Also, you’ll notice more detailed drawings that depict the Kota from both side and front angles, splicing the attributes into individual, building-block-like units. The exhibition is “designed for people who don’t know anything about African art,” says Van Dyke—this is all an exploration.
An assemblage of Kota wait to greet you as you move into the first gallery space, along with plenty of seating. The selection is “the widest range possible,” says Van Dyke—the better for you to “sit and mediate,” as she says, examine them, see similarities and think about how they relate. One example: Some of the figures’ heads are concave, others protrude out. Why? In his study of 2,000 Kota (50 are displayed in the exhibition), Cloth hypothesizes that concave heads represent a female figure; the protruding ones represent a male.
Next along the wall is a case that holds seven Kota—this time grouped to begin to provide answers. While not all details about all Kota are known, in this case, three Kota belonging to one workshop are adjacent; next to them are two Kota from another workshop—both groups flanked by singletons. You look at them grouped like this and begin to pick out common characteristics from given workshops through different generations (one of Cloth’s arguments).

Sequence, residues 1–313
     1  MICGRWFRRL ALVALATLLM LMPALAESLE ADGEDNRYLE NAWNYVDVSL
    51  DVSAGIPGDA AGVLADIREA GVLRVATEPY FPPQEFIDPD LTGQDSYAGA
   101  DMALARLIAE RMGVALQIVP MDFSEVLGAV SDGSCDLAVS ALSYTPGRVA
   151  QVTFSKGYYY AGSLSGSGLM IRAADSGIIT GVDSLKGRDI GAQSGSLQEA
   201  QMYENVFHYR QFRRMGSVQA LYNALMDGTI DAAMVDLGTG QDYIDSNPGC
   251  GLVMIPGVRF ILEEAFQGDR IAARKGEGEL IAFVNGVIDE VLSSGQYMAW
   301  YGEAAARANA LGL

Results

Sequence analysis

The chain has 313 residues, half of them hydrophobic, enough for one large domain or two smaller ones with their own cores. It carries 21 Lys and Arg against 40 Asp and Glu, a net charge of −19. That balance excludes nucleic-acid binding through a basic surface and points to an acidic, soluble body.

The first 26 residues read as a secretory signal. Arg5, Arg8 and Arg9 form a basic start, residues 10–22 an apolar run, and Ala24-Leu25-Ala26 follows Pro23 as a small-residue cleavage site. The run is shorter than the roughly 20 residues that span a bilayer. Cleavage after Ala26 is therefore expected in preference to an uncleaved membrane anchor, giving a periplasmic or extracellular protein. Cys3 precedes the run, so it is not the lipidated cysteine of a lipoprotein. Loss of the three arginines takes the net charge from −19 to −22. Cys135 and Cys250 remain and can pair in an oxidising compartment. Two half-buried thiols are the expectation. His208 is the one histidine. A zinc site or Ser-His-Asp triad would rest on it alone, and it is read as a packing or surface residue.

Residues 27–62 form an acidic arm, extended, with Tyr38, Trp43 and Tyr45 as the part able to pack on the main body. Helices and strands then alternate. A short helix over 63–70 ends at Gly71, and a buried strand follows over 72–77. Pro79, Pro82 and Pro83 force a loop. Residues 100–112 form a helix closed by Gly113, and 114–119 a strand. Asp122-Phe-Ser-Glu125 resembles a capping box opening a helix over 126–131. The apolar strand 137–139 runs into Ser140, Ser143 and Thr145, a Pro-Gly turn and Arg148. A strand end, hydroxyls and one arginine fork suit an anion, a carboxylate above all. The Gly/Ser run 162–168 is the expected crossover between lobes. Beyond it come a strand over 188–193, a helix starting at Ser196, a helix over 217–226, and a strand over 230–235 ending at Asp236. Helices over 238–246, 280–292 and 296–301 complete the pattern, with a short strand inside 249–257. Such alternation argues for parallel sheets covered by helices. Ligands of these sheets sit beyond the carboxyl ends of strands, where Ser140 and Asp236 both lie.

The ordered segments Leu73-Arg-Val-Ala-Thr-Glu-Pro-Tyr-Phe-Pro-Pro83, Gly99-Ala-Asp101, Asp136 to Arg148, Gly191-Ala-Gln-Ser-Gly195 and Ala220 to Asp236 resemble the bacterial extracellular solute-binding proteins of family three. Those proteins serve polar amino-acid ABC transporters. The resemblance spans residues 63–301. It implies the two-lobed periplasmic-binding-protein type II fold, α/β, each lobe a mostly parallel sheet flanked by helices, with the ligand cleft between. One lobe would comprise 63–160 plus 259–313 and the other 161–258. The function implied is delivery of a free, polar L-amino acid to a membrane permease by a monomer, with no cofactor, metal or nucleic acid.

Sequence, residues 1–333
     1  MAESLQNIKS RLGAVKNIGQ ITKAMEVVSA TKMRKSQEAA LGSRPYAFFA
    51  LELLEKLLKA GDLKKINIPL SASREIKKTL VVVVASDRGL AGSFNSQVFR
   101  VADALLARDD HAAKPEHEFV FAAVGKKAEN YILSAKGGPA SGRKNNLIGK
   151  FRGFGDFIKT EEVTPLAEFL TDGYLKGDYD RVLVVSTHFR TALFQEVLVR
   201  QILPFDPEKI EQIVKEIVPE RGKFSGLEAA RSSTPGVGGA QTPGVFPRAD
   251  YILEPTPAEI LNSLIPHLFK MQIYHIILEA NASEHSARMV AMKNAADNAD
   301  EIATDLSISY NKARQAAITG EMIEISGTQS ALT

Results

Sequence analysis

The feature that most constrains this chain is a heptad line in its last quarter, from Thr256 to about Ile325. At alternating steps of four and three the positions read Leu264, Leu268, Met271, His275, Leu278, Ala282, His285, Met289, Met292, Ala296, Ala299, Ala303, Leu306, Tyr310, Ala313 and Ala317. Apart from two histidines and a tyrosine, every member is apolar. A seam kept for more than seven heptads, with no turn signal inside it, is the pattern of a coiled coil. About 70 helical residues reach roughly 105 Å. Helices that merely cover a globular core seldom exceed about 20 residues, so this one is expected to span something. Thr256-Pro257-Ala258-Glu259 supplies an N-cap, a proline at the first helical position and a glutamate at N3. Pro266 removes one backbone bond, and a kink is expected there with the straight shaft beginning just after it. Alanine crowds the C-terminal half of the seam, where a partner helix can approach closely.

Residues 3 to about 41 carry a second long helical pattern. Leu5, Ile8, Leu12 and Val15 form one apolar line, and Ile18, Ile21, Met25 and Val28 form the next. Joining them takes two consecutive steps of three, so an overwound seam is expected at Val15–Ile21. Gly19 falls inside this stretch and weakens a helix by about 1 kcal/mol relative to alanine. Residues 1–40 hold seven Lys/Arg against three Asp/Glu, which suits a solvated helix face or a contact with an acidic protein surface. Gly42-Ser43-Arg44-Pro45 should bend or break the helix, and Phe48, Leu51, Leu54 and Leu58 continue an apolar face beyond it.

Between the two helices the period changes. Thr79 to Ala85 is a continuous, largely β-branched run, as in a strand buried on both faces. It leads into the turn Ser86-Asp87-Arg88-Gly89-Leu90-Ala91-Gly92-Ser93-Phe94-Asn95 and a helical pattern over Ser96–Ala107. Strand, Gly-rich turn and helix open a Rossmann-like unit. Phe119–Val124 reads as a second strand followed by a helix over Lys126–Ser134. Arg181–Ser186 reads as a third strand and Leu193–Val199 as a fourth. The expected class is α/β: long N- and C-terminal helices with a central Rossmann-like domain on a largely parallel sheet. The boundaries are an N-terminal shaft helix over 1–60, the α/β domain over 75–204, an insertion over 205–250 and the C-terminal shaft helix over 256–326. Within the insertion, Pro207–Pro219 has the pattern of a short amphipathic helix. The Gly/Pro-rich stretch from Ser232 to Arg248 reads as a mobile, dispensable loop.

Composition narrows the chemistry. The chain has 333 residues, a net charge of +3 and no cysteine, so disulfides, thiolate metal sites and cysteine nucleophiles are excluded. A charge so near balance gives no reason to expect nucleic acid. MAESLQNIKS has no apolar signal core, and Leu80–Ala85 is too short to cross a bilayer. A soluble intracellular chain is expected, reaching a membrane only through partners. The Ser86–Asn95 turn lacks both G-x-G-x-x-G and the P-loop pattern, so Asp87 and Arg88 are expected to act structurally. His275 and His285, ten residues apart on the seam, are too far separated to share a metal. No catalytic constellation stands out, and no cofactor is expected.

The last stop on the first floor is the Kota Data Cloud, a room where what you piece together on screen surrounds you on the wall for an immersive experience. A massive touchscreen in the center selects Kota for you from a virtual “card deck,” and then you put the connections you’ve been making outside in the gallery by “drawing” lines to connect the Kota where you see relationships (all of this is projected large-scale on the wall in front of you) and form them into groups. The software then analyzes, by percentages, how much of each characteristic the Kota share in common. It allows you to visualize the relationships, get a sense of participating in the research and learn more about the figures’ production in various workshops.